Two Big Risks for Facebook in China

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Internationally, China wants not only a voice in how the Internet is shaped and regulated, but symbolically to redefine the default cultural norm that the Internet should be free and uncensored.
By Joe Foudy
Chinese Internet Czar Lu Wei's high profile visit to Facebook founder Mark Zuckerberg's office this week is just the latest signal that China is engaging Western tech firms, but on its own terms.

Despite — and perhaps in part due to — criticism that the Chinese business environment has become more hostile to foreign firms, the visit hints Facebook may soon achieve its goal of re-entering the 1.3 billion person market. Along with the successful IPO of Alibaba and China's recent World Internet Conference in Wuzhen, a Facebook venture in China would signal to the World that China's internet is open for foreign business. But a closer examination suggests China is carefully defining and controlling its engagement in the world.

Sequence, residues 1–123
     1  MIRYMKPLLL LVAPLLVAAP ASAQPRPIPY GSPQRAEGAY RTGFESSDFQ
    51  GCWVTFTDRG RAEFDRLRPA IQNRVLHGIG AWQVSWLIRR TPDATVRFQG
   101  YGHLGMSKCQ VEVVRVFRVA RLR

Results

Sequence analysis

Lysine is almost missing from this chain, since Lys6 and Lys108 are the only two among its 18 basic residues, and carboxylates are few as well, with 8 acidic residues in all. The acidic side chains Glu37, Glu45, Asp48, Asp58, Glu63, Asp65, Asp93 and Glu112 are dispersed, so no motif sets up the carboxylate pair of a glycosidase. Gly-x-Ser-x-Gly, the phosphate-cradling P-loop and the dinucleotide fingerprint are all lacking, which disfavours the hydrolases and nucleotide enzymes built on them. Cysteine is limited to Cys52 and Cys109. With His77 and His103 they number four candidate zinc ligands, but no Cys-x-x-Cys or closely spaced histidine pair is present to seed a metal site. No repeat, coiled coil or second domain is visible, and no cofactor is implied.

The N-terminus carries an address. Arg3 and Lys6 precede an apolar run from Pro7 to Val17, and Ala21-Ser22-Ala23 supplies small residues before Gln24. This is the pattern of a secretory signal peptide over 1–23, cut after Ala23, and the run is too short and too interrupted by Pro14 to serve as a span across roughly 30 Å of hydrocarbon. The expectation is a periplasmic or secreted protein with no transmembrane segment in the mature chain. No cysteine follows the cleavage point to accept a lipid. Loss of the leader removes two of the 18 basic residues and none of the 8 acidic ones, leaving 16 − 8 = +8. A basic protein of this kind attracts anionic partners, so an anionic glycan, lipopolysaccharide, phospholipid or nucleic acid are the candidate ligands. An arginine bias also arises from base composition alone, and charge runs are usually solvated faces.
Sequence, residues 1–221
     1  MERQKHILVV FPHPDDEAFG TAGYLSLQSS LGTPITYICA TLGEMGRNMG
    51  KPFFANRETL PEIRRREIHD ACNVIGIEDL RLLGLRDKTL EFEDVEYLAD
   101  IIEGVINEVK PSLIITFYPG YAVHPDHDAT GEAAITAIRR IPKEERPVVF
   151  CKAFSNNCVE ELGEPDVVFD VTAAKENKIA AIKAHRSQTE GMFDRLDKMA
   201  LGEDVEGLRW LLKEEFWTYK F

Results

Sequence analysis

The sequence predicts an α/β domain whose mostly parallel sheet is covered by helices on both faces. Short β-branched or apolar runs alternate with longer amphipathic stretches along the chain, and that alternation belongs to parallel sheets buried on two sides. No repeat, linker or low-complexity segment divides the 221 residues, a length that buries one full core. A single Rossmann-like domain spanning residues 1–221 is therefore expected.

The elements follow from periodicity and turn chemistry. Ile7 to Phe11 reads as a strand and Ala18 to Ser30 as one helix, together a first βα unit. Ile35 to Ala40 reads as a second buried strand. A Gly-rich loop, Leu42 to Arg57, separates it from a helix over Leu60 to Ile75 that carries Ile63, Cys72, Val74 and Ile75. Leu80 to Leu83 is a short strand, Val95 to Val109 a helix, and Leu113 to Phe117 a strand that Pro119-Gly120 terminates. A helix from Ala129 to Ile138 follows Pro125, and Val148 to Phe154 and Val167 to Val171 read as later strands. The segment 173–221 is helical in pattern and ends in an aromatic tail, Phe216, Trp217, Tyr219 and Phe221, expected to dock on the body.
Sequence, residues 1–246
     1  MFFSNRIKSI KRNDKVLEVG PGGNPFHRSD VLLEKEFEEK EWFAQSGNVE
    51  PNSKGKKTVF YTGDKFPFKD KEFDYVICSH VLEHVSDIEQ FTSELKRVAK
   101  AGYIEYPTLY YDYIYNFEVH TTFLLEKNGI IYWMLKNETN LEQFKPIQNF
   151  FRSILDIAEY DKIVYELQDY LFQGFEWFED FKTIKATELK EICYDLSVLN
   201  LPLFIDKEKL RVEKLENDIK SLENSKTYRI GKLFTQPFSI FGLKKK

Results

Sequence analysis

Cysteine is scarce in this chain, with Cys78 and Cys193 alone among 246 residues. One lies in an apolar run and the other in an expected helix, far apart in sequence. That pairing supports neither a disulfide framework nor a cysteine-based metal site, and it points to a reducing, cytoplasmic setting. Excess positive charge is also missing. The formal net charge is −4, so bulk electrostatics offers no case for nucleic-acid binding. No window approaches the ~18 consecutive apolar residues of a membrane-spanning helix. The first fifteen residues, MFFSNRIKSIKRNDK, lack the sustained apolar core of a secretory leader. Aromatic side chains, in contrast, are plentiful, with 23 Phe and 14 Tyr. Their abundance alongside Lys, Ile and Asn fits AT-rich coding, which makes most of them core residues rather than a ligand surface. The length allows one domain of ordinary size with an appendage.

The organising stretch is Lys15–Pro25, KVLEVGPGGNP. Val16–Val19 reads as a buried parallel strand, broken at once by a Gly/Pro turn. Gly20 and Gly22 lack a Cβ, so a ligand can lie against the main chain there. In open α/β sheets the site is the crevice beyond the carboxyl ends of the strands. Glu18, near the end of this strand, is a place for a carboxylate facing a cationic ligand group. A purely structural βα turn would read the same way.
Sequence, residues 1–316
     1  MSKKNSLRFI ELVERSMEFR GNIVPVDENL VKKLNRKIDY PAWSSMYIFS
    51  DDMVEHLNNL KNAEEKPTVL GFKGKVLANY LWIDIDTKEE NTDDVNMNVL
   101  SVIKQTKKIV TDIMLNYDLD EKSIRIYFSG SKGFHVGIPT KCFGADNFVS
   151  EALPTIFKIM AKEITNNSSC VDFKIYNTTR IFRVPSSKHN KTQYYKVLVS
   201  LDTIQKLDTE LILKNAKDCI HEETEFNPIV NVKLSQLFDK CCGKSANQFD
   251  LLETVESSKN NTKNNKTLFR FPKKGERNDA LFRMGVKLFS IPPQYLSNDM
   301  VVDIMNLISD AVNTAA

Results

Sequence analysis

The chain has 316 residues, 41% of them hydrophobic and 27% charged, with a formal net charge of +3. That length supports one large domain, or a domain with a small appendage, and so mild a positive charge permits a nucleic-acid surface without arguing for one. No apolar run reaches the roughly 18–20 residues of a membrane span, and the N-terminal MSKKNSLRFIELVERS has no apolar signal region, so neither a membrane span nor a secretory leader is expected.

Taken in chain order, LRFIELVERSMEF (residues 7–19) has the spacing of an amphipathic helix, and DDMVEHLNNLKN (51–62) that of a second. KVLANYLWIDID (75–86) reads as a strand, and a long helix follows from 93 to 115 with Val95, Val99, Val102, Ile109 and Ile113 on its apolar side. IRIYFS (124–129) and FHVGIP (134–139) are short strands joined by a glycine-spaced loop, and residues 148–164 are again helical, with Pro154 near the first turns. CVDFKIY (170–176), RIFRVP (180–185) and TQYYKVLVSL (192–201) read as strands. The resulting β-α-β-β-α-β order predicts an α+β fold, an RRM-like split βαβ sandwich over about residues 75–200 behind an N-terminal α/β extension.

The World Internet Conference was a chance to invite many of the leading global tech firms to be a future part of China's Internet market. But its motivation was to legitimize policing over the Chinese Internet while seeking the right to shape global Internet rules. On the domestic front, control of the Internet is broadening and deepening. Foreigners are welcome to try to partake in the commercial spoils of the market in return for deference to the government in China (and informal lobbying support in their home countries). At the conference, Lu argued "We cannot allow those who capture a share of the Chinese market and make a lot of money, but hurt the interests of China."

Read full article as published by CNBC

Joe Foudy is a Clinical Associate Professor of Economics.